We began with afternoon tea and words which came to us in the moment. Words such as ‘open, outreaching, cosy and gleaming’ which defined the horizon of writing lying before us.
Thematically we explored landscapes through a variety of poetic responses included a collaborative found poem using books and leaflets about the geographic landscape that surrounded us. I am beginning to create my own collection for Sussex to use in the classroom already!
Glimpse fish beneath
Reflected in the sea.
The fishing boat comes home to rest;
Our final poetic explorations used the inspiration of other writers drawing upon the interdependency of reading and writing. We took Ursula Le Guin’s poem from ‘Steering the Craft’ to influence an exploration of sound and ‘Near Hunstanton’ by Michael Hofmann to use a repetitive structure and starting sentences to create a poem of our own.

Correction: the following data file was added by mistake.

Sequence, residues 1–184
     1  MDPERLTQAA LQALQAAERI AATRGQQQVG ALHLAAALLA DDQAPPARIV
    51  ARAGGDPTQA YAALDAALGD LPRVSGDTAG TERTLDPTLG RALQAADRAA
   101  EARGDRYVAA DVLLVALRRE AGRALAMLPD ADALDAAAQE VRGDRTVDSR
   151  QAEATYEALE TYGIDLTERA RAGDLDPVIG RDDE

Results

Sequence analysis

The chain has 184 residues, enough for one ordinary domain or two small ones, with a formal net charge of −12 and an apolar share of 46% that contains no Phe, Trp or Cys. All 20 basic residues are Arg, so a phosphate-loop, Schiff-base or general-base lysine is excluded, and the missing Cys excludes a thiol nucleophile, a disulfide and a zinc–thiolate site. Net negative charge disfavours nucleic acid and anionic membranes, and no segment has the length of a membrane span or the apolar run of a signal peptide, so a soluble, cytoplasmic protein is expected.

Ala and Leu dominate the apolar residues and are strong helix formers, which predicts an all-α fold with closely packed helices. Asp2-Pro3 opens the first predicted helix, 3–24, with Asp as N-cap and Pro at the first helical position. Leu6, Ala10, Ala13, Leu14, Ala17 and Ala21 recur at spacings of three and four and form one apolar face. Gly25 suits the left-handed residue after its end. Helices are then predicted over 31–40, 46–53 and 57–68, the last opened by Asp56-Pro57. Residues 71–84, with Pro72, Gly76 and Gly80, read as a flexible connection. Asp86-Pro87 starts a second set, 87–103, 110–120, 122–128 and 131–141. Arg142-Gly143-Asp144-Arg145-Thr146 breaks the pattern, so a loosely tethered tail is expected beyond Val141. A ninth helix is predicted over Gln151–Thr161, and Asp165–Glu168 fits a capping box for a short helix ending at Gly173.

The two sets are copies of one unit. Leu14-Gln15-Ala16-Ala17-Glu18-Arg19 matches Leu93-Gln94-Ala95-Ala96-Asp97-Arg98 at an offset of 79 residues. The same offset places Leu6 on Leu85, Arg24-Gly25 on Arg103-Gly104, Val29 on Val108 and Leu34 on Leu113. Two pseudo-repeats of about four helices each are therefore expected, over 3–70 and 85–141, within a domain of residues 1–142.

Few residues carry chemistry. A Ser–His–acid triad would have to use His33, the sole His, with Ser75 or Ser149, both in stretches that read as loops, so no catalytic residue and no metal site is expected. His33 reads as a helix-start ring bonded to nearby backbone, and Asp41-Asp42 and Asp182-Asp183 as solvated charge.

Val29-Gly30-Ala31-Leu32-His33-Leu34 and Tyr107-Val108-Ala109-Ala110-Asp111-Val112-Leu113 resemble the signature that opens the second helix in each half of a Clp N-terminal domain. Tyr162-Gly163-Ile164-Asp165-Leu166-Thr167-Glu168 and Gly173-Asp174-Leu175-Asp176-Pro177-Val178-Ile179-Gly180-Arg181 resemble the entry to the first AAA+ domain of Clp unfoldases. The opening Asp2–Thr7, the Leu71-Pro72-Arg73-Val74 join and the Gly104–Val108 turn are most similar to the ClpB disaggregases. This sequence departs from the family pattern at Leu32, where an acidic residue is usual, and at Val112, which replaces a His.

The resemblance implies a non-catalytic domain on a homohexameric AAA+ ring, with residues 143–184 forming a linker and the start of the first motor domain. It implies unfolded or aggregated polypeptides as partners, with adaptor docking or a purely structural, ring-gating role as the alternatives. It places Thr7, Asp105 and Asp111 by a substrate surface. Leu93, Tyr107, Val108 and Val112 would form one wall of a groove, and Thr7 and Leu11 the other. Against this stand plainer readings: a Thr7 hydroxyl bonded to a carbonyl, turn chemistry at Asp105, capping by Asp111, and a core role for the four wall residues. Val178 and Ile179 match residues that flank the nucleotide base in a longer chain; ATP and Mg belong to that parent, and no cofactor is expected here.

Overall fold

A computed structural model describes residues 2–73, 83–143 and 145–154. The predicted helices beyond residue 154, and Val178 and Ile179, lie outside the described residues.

Through these landscapes we took inspiration for our own writing as well as tracing the paths of our writing journeys and experiences. As I wrote in reflection during the residential:
‘I had overlooked that teachers of reading do largely read in their own time but as teachers also of writing we don’t write. It is rare and infrequent. And with exploring my own writing, with this at the heart of what NWP do, I rekindled a love for it. I enjoyed the freedom and escape that it gave me and sometimes I wrote something that may be of some value. So let your palette knife, your pencil, your pen and your mind run a little more freely and don’t be afraid to leave an impression of yourself strewn across the page. Make your voice heard.’
As the half term holidays draw to a close we are ready to build upon the landscape of writing we have already begun to lay in our classrooms and continue to find the space in our own lives to let our own pens explore this landscape further.
Many thanks to Jeni and Simon for created such a wonderful experience for us all during the October half term.